2. Complete a comprehensive gap analysis. Assess your current state and the tasks/activities required to transition your organization to your target zero trust state.

  3. Assess your zero trust architecture design. Address shortfalls surfaced in the gap analysis (in products, services, configuration, architecture, policy, etc.).

  4. Define the surfaces zero trust will protect and the related access policies. Clearly communicate what you are protecting and why, the criteria/policy for full versus partial access, etc.

  5. Create your zero trust strategic plan. Prioritize the initiatives in your multiyear action plan.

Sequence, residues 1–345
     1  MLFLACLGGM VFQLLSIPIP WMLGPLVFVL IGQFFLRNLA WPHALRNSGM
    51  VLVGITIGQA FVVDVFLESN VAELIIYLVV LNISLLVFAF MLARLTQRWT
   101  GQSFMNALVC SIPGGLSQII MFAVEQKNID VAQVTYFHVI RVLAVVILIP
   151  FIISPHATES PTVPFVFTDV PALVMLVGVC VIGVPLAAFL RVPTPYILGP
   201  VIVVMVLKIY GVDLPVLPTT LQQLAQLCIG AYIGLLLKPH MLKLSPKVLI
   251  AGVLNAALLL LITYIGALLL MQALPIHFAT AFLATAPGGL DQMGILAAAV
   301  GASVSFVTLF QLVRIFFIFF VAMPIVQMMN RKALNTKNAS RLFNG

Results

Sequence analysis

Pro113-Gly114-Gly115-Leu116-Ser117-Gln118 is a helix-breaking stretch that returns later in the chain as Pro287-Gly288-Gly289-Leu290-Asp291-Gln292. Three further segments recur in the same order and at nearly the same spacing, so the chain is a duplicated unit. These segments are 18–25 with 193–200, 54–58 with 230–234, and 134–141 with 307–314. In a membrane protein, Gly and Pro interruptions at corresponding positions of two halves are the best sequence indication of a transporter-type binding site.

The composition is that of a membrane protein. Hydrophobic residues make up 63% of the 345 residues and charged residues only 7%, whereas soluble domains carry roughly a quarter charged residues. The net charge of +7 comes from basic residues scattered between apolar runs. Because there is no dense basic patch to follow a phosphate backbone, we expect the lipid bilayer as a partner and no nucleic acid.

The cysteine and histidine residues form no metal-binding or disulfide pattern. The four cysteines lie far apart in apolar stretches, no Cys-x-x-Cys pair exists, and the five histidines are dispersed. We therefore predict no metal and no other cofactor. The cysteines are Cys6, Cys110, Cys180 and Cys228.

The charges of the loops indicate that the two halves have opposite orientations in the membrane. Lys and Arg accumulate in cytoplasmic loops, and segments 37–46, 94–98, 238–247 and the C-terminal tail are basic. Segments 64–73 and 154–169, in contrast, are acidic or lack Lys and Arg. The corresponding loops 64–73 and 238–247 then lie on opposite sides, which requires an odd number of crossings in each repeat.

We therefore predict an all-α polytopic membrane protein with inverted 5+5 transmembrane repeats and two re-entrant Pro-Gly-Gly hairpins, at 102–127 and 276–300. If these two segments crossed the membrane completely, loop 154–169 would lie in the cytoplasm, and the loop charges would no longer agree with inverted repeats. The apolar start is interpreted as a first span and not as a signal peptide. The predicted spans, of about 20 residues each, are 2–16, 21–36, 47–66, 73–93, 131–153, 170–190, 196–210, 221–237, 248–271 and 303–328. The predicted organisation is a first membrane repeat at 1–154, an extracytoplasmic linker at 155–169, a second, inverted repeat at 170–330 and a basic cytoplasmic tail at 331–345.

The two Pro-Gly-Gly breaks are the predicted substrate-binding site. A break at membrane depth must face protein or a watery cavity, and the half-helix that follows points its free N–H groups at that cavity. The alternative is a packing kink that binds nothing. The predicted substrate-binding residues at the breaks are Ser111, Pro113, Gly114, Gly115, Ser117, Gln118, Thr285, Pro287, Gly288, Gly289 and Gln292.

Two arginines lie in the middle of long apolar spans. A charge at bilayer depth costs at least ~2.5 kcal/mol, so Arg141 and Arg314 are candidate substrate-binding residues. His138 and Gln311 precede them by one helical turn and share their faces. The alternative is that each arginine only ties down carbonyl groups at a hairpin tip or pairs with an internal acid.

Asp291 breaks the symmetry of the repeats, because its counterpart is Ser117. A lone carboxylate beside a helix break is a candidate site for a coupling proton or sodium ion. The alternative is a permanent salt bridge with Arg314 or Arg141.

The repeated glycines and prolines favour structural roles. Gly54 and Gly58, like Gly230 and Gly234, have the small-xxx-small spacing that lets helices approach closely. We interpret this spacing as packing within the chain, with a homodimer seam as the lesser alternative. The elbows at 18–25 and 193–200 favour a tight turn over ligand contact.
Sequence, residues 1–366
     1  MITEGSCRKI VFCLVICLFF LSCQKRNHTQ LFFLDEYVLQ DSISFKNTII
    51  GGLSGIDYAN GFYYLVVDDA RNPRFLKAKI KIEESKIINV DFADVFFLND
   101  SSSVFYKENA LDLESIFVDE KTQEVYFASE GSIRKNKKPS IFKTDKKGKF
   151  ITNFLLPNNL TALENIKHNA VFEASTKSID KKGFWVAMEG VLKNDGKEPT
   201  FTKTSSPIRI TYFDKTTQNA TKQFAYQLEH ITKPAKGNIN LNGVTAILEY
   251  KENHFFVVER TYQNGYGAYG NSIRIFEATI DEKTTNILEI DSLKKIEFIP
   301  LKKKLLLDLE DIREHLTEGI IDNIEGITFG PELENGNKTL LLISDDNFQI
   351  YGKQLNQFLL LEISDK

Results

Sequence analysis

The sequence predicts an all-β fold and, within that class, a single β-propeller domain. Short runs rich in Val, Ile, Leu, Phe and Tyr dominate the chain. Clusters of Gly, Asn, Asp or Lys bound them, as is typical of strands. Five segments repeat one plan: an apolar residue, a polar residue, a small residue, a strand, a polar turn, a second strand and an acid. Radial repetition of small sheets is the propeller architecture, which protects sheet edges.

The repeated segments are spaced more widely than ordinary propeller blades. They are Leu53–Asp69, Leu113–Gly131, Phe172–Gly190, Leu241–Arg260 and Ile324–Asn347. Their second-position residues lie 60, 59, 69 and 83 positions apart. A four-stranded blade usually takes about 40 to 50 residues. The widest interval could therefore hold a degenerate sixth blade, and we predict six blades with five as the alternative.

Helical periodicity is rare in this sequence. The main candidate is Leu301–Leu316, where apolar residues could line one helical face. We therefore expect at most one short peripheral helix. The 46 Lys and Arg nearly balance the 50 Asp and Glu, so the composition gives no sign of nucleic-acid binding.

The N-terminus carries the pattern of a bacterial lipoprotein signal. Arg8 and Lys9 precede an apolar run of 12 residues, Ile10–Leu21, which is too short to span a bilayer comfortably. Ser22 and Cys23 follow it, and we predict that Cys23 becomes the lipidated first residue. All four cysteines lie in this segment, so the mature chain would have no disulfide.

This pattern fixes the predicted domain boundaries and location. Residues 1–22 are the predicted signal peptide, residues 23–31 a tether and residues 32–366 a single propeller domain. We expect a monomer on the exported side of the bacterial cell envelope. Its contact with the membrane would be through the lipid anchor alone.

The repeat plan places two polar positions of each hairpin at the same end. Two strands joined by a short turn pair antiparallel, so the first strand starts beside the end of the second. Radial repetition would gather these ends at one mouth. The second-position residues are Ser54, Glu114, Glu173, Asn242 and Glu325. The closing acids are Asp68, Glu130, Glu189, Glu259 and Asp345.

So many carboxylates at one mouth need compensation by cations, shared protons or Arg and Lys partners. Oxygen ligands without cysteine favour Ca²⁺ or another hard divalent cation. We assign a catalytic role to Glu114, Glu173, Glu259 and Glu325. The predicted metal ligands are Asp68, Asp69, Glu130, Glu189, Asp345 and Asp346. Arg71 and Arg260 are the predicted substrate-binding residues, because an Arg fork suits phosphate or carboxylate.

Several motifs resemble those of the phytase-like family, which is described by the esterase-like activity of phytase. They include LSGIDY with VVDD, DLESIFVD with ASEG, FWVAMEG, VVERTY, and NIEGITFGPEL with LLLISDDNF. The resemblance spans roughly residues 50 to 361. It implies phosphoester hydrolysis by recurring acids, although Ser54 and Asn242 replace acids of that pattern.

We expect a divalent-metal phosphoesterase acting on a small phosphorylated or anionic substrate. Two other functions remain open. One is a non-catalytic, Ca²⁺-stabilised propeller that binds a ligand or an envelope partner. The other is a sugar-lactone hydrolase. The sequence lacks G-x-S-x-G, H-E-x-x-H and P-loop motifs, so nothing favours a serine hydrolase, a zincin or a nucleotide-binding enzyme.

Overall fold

1. Develop your roadmap. Prioritize and sequence zero trust activities for the current execution year, and set objectives and key results for ensuing 90-day sprints/increments.

  2. Identify and engage with your internal stakeholders. Key participants in any zero trust journey include the CTO, CISO, CDAO, security operations center and IT workforce.

  3. Identity and engage external stakeholders affected by the modernization to zero trust. Manage their expectations and strengthen your strategic communications with them.

  4. Train and upskill your IT workforce on zero trust principles, design and policies.

Existing Gartner clients can access these zero trust resources in full

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Video: Why Zero Trust Can Help, and How to Get Started

This quick video offers a simple talk track you can use to explain the zero trust architecture journey to both technical and nontechnical stakeholders.